[whatwg] Declarative unload data
bzbarsky at MIT.EDU
Mon May 7 08:59:58 PDT 2012
On 5/7/12 11:53 AM, Tab Atkins Jr. wrote:
> Yes, definitely (unless you set .withCredentials on it or something,
> like the XHR attribute).
Hold on. If you _do_ set withCredentials, you should be required to
pass the credentials in or something. Under no circumstances would
prompting for credentials for a request associated with an
already-unloaded page be OK from my point of view....
>> A bigger question is whether browsers really want to make it easier to do
>> this or work on getting rid of the ability to phone home at/after unload
>> altogether. My gut reaction every time I see pages doing it is that they're
>> up to no good, and code inspection usually indicates that I'm right: the #1
>> use of this is for persistent user tracking.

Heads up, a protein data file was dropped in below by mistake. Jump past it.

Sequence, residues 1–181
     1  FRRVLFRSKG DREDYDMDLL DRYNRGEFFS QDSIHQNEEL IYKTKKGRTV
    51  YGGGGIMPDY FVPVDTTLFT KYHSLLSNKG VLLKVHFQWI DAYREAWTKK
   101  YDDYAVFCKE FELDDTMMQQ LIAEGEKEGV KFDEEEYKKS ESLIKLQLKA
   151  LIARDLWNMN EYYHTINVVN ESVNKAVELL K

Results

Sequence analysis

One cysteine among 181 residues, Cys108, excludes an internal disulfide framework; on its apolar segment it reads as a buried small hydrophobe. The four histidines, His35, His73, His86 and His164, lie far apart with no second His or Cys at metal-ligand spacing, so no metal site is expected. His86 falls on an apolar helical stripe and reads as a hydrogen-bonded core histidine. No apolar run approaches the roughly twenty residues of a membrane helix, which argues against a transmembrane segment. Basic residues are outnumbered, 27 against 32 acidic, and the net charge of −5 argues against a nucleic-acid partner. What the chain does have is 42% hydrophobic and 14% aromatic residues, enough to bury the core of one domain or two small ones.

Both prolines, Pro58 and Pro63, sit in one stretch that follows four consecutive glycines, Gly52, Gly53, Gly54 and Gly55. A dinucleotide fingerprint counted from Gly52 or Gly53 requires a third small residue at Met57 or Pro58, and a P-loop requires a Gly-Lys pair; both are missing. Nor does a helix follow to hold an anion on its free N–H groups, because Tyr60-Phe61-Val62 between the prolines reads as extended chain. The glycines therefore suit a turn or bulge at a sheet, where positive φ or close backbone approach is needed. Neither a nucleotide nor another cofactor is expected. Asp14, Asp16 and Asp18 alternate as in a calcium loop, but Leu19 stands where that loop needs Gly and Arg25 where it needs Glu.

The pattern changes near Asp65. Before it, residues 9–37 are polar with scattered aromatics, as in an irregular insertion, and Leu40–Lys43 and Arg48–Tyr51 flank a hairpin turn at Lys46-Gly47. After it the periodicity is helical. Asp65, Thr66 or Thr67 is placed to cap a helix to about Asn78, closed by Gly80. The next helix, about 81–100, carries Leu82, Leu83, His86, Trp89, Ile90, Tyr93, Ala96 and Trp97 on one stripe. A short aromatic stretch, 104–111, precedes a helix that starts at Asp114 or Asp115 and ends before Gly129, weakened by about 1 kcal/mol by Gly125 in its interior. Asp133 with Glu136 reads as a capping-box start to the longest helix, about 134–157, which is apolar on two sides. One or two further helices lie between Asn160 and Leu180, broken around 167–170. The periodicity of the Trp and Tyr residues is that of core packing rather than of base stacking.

> That might be, but we won't be *stopping* anything then.
Even if true, we wouldn't be _encouraging_ anything either.
> They can instead, say, switch to just sending requests every 20s or something -
> if they were measuring session duration you still get good accuracy,
> but the total number of requests doesn't go up too much.
And to be clear, I'm not worried about session duration measurements.
Most of the uses I saw of this were either not measuring session
duration, or somehow felt compelled to communicate all sorts of info
about the user and the user's computer to measure session duration.
> The legitimate use-case of doing a final info-squirt at the server to
> save state is reasonable, though
What fraction of the current uses are the legitimate use-case?
e.g. the legitimate use-case for popup windows is also reasonable, yet
browsers have popup blockers.
I suppose browsers can also block this thing by default unless users opt
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